https://www.111harleystreet.com/wp-content/uploads/2014/08/face-surgery-london.jpg
https://www.111harleystreet.com/wp-content/uploads/2014/08/body-surgery-london.jpg
https://www.111harleystreet.com/wp-content/uploads/2014/08/non-surgical-london.jpg
https://www.111harleystreet.com/wp-content/uploads/2014/08/by-condition-london.jpg

Veganism and the B12 deficiency: how to get enough

b12

The rise of veganism and B12 deficiency

Whether you’re a flexitarian (Cut meat out most of the time), Vegan (no meat or product/ingredient sourced from animals including dairy), Vegetarian (no meat)… cutting out animal cruelty is proving not just to be a food trend, but a long-term lifestyle choice. With an interest in personal appearances, wellness and health on the rise, there are now more vegans in the UK than ever before. In the past 10 years, there is now an estimated 1.14 million vegetarians over the age of 15 in Britain alone. Whilst many give up eating meat for the cruelty aspect, others are also concerned with the effect meat production has on climate change. Did you know, if you skipped eating meat and cheese one day a week, it would be equivalent to taking your car off the road for five weeks?

What ever the reason may be, there is no doubt that cutting back on meat will have a positive effect on both climate change and the welfare of animals. However, how is it affecting our health?

Why might someone develop a B12 deficiency?

It’s relatively common for those that reduce their intake of meat to develop a B12 deficiency. This is because the vitamin is mostly found in animal tissues. Typical symptoms of a B12 deficiency make include: weakness, tiredness, fatigue, foggy mind, lack of motivation among other problems.

Some vegans get just enough B12 that they can avoid further health problems such as anaemia and damage to the nervous system, but others do not get enough to avoid serious diseases like heart disease and even complications during pregnancy. Studies have also found that whilst it is possible to gain B12 from some plant sources, a few of them are B12 analogs and actually block the intake of B12, increasing the need for it.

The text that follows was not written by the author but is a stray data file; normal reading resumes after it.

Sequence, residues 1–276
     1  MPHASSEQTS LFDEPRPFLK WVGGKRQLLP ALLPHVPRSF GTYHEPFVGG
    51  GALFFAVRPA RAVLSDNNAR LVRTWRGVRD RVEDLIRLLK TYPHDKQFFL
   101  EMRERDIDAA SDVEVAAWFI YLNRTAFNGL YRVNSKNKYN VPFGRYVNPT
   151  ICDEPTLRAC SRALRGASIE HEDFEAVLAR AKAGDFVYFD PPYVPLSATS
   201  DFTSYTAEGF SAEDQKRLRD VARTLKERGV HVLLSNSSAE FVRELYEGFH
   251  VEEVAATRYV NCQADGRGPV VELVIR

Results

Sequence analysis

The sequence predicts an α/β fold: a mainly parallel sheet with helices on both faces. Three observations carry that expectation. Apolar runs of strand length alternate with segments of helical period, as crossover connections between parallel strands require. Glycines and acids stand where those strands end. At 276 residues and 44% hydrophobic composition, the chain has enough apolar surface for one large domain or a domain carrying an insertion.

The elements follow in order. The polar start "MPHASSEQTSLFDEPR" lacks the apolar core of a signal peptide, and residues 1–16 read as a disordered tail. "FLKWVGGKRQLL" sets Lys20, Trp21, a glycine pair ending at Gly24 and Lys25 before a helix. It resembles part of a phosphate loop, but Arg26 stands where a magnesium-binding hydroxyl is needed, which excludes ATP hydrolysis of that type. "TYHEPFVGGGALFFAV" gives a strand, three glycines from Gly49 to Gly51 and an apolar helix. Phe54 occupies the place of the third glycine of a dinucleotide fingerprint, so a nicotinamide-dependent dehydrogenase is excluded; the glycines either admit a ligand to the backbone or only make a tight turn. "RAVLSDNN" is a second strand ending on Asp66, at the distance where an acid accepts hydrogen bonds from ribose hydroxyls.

Am I getting enough B12 from plant sources?

 Plant sources such as Kale, seaweed, spirulina, and Japanese Nori compete with the human active B12, reducing its status.

Others argue that our body produces its own B12 and therefore does not need any supplementation. Whilst this is somewhat true, studies have found that this source is not available for absorption.

What other sources of B12 do you recommend?

B12 supplements are recommended, but a lot of younger people seem to have absorption problems. This is believed to be due to antacids blocking the vitamin.

At 111Harley St., we offer B12 shots that are delivered directly in to the blood stream and you do not have to be concerned with too much consumption of the vitamin, since if has a very low potential for toxicity. It’s easier for our bodies to absorb the vitamin in a liquid form, as opposed to a supplement.

Celebrities like Hailey Baldwin and Chrissy Teigen are fans of this method, and praise it for its ability to boost energy and help with fatigue.